With its milky turquoise waters snuggled by a dense pine forest, the Lake Louise area is one of the most breathtaking locations in the Canadian Rockies. And one of the best ways to experience its beauty is by hiking the Plain of Six Glaciers and Lake Agnes trail in Banff National Park. If you’re looking for a day of snow-dusted peaks, brilliant glaciers, glistening lakes, and panoramic views, we’ve got you covered.
Everything You Need to Know about Hiking the Plain of Six Glaciers to Lake Agnes Loop
Here are all the things you need to know to plan your hike. Don’t forget to keep reading for our detailed account and pictures below.
Plain of Six Glaciers Hike Distance: Roughly 7.5 miles round trip including the Lake Agnes trail back down.
Elevation Gain: 2,210 Feet.
Difficulty: Moderate to Strenuous in certain parts.
Length of Time: 5 – 6 hours. More if you stop for something to eat or take a lot of pictures like us.
Best Time of Year: June through September. Always check for trail conditions with the park rangers throughout the year.
Plain of Six Glaciers Weather: The coldest months are January, February, November and December with 2 inches of snowfall on average. May is the wettest month with April being the driest. July and August are the warmest months with temperatures averaging between 68 and 77 degrees Fahrenheit.
Sun Exposure: A little shade but mostly exposed to full sun.
Trailhead: Behind Fairmont Chateau Hotel on the paved Lake Louise Lakeshore Trail.
Bathrooms: Located at both tea houses.
Lake Agnes Tea House: Open from early June to October.
Plain of Six Glaciers Tea House: Open from mid to late June or early July to mid-October depending on conditions.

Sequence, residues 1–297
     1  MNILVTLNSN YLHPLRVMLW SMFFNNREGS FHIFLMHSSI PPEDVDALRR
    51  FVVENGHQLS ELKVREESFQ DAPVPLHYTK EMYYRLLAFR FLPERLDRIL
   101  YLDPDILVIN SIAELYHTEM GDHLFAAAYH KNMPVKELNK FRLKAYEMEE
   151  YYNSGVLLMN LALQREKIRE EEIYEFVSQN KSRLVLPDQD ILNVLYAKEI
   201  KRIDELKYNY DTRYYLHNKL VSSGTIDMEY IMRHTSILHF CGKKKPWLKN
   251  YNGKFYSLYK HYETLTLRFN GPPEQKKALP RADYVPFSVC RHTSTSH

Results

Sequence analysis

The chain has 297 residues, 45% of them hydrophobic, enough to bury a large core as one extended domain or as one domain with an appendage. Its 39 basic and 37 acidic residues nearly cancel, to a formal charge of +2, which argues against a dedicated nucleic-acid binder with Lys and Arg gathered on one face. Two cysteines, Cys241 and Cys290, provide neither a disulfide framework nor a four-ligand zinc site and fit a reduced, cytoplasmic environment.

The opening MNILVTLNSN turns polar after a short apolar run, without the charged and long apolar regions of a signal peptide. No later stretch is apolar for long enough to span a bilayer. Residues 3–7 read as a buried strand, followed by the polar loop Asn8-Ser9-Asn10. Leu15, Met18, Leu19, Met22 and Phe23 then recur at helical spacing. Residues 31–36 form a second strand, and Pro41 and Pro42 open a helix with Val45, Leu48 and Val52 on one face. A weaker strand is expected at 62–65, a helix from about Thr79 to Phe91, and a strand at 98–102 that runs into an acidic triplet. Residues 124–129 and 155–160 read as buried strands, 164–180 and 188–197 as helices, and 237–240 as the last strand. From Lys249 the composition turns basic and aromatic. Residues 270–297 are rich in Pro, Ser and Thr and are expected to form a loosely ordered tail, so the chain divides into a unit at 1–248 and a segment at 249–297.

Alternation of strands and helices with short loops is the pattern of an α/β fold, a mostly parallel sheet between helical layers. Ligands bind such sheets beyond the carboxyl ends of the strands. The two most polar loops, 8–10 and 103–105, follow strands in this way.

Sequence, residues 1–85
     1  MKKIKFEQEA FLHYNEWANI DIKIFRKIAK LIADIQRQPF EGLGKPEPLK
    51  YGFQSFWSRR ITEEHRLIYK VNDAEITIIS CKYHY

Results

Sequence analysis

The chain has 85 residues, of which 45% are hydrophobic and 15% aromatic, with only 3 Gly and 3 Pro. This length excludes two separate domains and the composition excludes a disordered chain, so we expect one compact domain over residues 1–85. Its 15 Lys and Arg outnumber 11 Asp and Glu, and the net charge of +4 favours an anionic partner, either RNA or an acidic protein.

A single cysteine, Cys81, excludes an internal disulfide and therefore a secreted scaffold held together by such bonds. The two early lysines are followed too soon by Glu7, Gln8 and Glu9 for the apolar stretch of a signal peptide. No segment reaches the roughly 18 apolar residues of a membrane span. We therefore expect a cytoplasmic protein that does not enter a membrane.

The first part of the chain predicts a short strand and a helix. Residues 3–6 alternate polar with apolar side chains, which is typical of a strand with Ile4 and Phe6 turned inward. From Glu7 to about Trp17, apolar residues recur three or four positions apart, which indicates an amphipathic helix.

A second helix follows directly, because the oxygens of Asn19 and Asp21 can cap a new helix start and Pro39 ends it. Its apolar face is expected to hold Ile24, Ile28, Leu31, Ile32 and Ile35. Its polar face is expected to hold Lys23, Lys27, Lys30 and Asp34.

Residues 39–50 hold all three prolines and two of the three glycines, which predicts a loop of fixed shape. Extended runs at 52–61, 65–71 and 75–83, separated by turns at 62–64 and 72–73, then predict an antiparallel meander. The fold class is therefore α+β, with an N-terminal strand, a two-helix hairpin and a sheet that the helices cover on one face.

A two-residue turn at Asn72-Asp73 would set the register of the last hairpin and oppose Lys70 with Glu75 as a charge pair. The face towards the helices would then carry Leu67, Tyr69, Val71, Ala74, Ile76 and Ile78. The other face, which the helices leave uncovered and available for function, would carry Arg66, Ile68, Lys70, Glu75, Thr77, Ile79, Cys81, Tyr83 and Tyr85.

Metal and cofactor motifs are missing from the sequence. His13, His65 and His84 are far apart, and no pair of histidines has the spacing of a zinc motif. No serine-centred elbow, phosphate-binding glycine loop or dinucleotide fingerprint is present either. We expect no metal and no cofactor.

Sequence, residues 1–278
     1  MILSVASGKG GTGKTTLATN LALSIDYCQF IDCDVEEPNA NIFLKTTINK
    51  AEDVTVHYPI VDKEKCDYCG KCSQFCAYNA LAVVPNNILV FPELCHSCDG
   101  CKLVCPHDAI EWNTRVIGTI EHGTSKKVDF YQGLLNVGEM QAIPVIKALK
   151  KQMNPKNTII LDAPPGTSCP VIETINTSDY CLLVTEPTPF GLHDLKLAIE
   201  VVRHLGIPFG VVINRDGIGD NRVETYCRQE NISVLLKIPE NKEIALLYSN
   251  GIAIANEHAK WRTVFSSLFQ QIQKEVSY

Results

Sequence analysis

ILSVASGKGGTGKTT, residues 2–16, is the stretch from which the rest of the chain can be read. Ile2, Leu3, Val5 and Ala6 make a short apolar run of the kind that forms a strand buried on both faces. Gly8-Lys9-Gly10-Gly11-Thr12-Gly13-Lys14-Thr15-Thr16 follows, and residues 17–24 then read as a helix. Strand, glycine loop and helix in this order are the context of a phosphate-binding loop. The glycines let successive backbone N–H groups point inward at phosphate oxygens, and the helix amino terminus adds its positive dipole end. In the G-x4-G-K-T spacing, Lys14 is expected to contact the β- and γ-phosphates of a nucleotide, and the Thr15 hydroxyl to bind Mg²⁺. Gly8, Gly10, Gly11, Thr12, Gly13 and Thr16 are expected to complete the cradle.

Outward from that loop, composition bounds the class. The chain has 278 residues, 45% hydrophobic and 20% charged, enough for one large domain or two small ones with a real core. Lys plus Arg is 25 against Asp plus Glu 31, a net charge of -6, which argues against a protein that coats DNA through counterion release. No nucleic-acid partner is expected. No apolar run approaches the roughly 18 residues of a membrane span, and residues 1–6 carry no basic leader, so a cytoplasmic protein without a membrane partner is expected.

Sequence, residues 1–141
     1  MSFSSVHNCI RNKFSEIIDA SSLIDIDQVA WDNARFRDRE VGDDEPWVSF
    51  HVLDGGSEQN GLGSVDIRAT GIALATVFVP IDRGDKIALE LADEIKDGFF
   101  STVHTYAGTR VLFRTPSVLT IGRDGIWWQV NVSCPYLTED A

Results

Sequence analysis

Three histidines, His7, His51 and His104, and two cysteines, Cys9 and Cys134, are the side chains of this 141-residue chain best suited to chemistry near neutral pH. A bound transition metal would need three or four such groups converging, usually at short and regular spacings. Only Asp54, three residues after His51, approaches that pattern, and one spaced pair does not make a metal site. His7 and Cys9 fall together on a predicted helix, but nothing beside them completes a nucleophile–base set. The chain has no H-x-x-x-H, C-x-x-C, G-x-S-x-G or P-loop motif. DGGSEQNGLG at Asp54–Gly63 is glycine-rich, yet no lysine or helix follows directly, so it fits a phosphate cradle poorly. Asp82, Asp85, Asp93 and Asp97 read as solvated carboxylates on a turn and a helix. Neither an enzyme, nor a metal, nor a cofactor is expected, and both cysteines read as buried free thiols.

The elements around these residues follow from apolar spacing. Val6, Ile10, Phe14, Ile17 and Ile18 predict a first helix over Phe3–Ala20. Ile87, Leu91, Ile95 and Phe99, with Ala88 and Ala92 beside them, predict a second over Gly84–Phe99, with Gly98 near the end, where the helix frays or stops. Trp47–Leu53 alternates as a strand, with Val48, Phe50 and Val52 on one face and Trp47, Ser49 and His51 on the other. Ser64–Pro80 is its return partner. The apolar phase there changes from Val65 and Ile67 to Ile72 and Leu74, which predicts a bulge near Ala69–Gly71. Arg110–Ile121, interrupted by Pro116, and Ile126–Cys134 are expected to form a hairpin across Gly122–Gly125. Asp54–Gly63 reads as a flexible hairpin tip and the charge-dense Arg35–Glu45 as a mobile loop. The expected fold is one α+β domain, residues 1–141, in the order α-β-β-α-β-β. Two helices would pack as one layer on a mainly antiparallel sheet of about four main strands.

Parking: Arrive early – before 7:00 AM – for parking in the Lake Louise lot. It fills up and stays that way throughout the day so your best bet is to get there as early as possible.
RELATED: GLACIER NATIONAL PARK ITINERARY
- Begin the hike early for parking but also for fewer people on the trail.
- Bring cash if you plan to eat or drink at the tea house and plenty of snacks.
- Trekking poles are useful if you have knee or ankle issues or if it has rained recently. There are loose rocks and steep parts of the hike.
- Bring bear spray. Don’t forget this is bear country! Make noise when you hike and it is recommended not to hike alone.
- Also take a look at our recommended 10 Favorite Things to Do in Banff.
WHAT TO PACK & WHAT TO WEAR:
For the day you’ll want to pack the following:
- Snacks and/or lunch if you do not plan on eating at one of the tea houses
- Hat and/or Sunglasses
See below for a Google Map or Download a Plain of Six Glaciers Map PDF here.
HOW TO USE THIS MAP: To view the layers and see the names of the places on this map, click the tab in the top left corner. You can select the check marks to show or hide certain layers. If you select the icons on the map, you will get more information about the point of interest.